Graduate Student Research Symposium is April 2

The Graduate Student Research Symposium, celebrating its 10th year, will be held from 1-4 p.m. April 2 in Uncas A. Whitaker Hall for Biomedical Engineering.

The symposium, which is open to the entire WUSTL community, provides graduate students an opportunity to present their research to a broad and diverse audience, while helping them develop their communication skills by requiring them to present their material in a way that is accessible to a general audience.

“The symposium answers several needs in graduate education at Washington University,” said Dawn Cardace, president of the Graduate Student Senate and co-chair of the Graduate Research Symposium Committee, along with James Williams.

“Those include promoting interdisciplinary communication and community building, increasing awareness of the diverse and high-quality research being carried out by students on both the Hilltop and Medical campuses, providing a forum for polishing aural and visual presentation skills and recognizing laudable accomplishments of graduate students.”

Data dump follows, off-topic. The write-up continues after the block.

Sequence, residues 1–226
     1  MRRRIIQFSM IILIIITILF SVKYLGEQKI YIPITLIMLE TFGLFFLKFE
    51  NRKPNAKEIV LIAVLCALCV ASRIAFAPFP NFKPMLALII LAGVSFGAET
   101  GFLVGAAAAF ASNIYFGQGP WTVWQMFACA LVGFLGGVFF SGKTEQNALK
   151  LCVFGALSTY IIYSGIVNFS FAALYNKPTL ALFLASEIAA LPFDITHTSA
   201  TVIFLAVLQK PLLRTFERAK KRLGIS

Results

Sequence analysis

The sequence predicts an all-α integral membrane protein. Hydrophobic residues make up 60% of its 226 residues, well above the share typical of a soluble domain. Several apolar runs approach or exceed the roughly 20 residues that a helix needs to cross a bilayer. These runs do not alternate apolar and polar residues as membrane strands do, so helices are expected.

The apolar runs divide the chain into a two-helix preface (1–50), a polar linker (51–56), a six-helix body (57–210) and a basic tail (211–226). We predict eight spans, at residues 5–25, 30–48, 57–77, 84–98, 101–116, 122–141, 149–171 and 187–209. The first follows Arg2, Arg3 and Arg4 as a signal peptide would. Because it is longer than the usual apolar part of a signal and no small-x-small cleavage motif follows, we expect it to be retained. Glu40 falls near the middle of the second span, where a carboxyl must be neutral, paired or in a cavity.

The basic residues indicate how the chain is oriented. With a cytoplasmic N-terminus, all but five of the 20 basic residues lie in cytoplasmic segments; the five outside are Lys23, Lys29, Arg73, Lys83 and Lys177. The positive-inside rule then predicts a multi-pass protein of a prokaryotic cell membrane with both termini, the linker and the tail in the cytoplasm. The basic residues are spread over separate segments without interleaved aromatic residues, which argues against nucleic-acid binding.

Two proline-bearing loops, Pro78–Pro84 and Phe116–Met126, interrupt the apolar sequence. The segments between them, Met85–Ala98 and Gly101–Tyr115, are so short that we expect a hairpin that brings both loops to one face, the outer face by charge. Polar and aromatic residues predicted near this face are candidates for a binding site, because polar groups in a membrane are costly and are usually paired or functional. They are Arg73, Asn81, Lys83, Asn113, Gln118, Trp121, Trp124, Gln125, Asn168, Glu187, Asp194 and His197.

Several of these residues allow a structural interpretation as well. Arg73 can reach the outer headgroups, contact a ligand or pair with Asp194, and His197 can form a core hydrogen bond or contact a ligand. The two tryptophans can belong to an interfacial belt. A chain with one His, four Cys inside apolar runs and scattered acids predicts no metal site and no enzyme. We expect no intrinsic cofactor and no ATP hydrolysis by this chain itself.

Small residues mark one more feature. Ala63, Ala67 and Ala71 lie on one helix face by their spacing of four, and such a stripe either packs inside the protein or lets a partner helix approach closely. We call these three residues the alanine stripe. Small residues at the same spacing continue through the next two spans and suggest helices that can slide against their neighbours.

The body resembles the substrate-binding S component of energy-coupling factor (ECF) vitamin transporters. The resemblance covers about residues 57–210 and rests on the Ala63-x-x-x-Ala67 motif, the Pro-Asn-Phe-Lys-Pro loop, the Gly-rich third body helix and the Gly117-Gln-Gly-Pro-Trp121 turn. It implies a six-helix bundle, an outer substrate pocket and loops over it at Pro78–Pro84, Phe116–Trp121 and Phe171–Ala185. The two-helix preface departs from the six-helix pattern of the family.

Developed in 1996 by the Graduate Student Senate in partnership with the Graduate School of Arts & Sciences, the event aims to enhance the professional development of graduate students. The first symposium had 19 presenters in three categories. Last year, nearly 70 participants presented work in five categories.

The symposium’s development has been fostered since its inception by Robert E. Thach, Ph.D., dean of the Graduate School of Arts & Sciences, and Elaine P. Berland, Ph.D., associate dean of the graduate school.

The event provides students a great chance to explore the research of their peers. The symposium provides a unique forum for interaction among students and faculty across the University, encouraging students to mingle with other graduate students, to share their experiences and to learn about ongoing research outside of their specific disciplines.

In past years, graduate students from a variety of fields throughout the graduate school have presented their research in poster format. Many students have also begun to use computer displays or audio-visual materials.

The presentations are judged by members of the University community, who award three cash prizes in each of five categories — humanities, engineering, professional degree programs, sciences and social sciences — based on students’ abilities to present their work to a broad audience.

The symposium is sponsored by the Graduate Student Senate of Arts & Sciences, the Graduate Professional Council, the Association of Graduate Engineering Students and the Graduate School of Arts & Sciences.

For more information, go online to